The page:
Brazil’s accounting rules (New BR-GAAP) were aligned with IFRS in 2008. Subsequently, in 2009, a transition tax regime (RTT) was introduced with the purpose of regulating the computation of tax in view of such new accounting environment.
In general, the RTT provided—solely for tax purposes—that companies would have to “book” their revenues, costs, and expenses in accordance with the existing accounting rules prior to the conversion to IFRS (i.e., under Old BR-GAAP). Consequently, companies could eventually experience a situation whereby the accounting income calculated under New BR-GAAP (aligned with IFRS) could be greater (or lower) than the accounting income for tax purposes (under Old BR-GAAP).
Federal Reserve Bank’s question
Since the basis used for determining dividends is accounting net income calculated under New BR-GAAP, and also considering that dividend distributions are tax-exempt in Brazil, the Federal Revenue Bank (RFB) formally asked the Office of Attorney-General of the National Treasury (PGFN) whether the tax exemption on dividends would still apply when the accounting net income under New BR-GAAP was greater than the net income under Old BR-GAAP.
The Federal Reserve Bank was concerned with a possible situation that the excess of net income under New BR-GAAP in relation to the net income under Old BR-GAAP could give rise to a dividend distribution that would not be taxed in Brazil—either as net income, or as dividends. In this sense, the Federal Reserve Bank asserted that the tax exemption on dividend distributions was based on a principle that such dividends would have originated from net profits that were subject to taxation.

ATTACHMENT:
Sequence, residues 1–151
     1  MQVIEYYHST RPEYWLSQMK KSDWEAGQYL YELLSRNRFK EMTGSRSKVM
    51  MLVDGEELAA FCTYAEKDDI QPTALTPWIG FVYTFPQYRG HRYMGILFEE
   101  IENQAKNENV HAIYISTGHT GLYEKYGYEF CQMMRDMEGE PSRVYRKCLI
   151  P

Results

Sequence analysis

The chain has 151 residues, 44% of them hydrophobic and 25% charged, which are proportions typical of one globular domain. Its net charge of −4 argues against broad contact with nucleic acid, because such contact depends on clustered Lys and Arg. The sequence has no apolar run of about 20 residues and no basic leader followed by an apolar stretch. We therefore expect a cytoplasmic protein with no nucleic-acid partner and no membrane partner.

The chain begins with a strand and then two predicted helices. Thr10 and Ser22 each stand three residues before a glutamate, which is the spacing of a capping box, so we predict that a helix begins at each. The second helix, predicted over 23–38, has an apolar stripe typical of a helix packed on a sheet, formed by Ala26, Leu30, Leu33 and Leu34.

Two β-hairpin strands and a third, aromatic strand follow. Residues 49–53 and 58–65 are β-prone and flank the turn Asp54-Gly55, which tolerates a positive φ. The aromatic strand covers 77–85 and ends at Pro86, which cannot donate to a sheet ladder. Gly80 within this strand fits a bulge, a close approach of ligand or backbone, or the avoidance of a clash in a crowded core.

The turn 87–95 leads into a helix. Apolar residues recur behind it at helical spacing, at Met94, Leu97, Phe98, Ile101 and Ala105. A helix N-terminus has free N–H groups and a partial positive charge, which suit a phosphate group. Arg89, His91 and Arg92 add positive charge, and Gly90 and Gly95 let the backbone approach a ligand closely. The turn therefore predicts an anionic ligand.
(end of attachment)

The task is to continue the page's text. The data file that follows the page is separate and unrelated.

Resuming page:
National Treasury’s opinion
In this context, the Office of Attorney-General of the National Treasury (PGFN) issued a formal opinion (Parecer / PGFN / CAT 202/2013) concluding:
- The tax exemption provided by Law 9,249/95 would apply to dividend distributions based on net income calculated under the Old BR-GAAP.
- Dividend distributions originated from an excess of net income as per the New BR-GAAP in relation to the income under the Old BRGAAP therefore would be subject to taxation.
Given this opinion, companies may need to reconsider their previous and current policies as to dividend distributions and evaluate any possible tax exposure and what would be the best course of action to manage this matter.
Read a March 2013 report prepared by the KPMG member firm in Brazil: Dividend distributions – Potential taxation on distributions based on profits not previously taxed at the level of the companies